- S&P 500 Futures extend the previous day’s losses towards 4,100.
- Global covid infections jump, led by India, Western leaders keep tight controls on national borders.
- J&J’s support during investigation of blood clotting and Israel’s purchase of Moderna booster fail to recall bulls.
- Light calendar will keep risk catalysts on the driver’s seat.
S&P 500 Futures hold lower ground near 4,125, down 0.10% intraday, during early Wednesday. In doing so, the risk barometer follows the US equity market’s losses amid the coronavirus (COVID-19) fears while ignoring the recently upbeat vaccine developments.
With the 12% jump in weekly news infections, not to forget record rally in India’s covid cases, the US tightens border with Canada while the UK also puts multiple counties, New Delhi included, in its “no travel” list. Further, the virus resurgence also pushes Japan towards another emergency in Tokyo and surrounding prefectures.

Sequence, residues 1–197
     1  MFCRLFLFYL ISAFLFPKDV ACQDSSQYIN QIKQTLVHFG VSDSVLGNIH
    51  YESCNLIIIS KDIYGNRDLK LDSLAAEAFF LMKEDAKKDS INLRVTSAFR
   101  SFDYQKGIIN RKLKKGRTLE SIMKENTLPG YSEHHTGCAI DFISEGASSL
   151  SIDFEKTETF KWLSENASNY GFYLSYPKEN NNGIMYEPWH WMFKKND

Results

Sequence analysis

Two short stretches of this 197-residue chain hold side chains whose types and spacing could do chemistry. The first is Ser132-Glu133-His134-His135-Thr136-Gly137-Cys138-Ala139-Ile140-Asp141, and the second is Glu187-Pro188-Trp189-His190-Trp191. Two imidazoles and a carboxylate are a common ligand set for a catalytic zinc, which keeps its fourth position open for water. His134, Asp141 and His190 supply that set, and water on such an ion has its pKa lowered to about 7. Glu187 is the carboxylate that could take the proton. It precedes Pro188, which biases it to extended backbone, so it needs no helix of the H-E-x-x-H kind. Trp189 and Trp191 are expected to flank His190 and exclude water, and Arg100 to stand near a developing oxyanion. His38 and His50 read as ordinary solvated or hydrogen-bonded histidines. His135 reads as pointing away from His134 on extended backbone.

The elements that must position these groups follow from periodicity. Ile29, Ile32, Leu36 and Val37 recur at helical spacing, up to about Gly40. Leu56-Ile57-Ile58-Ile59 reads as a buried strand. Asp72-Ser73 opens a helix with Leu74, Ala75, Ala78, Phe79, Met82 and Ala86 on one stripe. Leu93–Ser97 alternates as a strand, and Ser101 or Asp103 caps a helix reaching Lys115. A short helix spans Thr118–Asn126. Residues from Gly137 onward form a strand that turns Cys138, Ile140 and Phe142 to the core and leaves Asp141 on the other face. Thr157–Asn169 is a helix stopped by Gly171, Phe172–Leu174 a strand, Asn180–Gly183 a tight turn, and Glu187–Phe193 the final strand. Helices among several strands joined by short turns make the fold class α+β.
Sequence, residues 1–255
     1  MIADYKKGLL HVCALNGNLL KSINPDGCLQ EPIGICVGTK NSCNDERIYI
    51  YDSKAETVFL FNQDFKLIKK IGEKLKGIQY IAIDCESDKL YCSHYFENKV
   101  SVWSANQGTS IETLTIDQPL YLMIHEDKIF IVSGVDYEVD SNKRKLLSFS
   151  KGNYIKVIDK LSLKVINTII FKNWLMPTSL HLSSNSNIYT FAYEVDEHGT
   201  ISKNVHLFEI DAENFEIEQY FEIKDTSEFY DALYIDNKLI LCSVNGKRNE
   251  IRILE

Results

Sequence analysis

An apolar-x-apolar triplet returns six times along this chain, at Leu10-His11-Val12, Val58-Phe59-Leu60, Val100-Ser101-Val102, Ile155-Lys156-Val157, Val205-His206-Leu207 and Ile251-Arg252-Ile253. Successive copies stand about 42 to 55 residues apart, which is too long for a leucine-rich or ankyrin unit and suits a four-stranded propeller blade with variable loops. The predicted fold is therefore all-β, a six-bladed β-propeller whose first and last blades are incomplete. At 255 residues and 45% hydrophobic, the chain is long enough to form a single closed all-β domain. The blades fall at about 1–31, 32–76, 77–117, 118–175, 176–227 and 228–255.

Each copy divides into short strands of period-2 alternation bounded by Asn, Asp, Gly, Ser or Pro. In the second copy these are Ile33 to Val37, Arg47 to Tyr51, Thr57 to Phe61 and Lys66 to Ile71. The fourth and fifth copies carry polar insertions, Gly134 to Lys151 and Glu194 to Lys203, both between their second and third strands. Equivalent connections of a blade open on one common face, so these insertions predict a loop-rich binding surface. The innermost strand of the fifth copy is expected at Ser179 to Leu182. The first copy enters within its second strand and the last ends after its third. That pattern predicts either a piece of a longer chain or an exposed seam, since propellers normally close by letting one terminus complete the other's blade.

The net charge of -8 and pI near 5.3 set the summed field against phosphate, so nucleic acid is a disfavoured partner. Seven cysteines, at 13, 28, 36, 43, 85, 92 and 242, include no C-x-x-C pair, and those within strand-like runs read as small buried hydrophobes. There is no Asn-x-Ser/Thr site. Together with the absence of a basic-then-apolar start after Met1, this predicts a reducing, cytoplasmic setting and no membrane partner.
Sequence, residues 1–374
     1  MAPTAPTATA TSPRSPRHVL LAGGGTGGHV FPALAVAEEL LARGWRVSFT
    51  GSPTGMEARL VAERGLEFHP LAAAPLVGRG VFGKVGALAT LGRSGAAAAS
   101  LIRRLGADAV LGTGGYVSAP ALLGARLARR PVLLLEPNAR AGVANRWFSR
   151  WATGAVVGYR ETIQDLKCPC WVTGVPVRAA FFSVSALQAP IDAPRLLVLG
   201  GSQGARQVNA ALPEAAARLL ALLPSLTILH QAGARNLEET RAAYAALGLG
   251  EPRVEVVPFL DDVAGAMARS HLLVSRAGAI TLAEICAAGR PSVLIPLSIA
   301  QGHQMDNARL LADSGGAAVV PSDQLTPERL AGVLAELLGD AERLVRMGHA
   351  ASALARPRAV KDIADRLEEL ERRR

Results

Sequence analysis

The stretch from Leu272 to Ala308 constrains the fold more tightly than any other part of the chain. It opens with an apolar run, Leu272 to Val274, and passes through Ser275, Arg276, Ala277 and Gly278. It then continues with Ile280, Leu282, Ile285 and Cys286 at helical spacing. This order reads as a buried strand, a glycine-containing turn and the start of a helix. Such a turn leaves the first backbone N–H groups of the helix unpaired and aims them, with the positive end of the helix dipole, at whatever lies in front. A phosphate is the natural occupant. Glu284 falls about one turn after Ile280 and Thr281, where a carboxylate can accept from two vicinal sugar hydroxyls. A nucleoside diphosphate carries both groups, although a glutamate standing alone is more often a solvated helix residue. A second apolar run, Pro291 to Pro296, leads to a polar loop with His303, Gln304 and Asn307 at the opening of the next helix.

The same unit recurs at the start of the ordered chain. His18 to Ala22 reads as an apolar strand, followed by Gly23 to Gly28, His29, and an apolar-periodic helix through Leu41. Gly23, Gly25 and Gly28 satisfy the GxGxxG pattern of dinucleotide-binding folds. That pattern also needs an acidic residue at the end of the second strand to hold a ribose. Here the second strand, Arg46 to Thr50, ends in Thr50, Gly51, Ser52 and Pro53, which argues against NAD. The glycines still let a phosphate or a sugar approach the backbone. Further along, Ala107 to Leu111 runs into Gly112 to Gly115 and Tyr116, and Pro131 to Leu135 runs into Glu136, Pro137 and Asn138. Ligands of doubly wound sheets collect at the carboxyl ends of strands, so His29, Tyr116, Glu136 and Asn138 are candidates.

Read: Coronavirus Update: India leads run-up in global infections, Japan to recall emergencies in Tokyo, Osaka and Hyogo
Alternatively, Johnson & Johnson (J&J) is up for cooperation during the investigation over blood clotting problems following the covid vaccine by the firm. Earlier in the week, the US Health Expert Dr. Anthony Fauci cited optimism from J&J vaccine news to arrive by this Friday. Elsewhere, Israel continues to heavily vaccinate the nationals and recently bought booster shots from Moderna.
Even so, Wall Street benchmarks dropped for the second consecutive day on Tuesday while the US 10-year Treasury yields extend the previous day’s recovery moves by the press time. Furthermore, stocks in Asia-Pacific are also on offer so far during Wednesday.
Looking forward, the UK’s inflation and the Bank of Canada (BOC) monetary policy meeting may offer intermediate entertainment to the markets but major attention will be given to the virus updates. It should be noted that the US-China and the Russia- Ukraine tussles are also important to watch even if they’re mostly ignored off-late.
Read: Wall Street Close: Pandemic woes keep benchmarks red for second day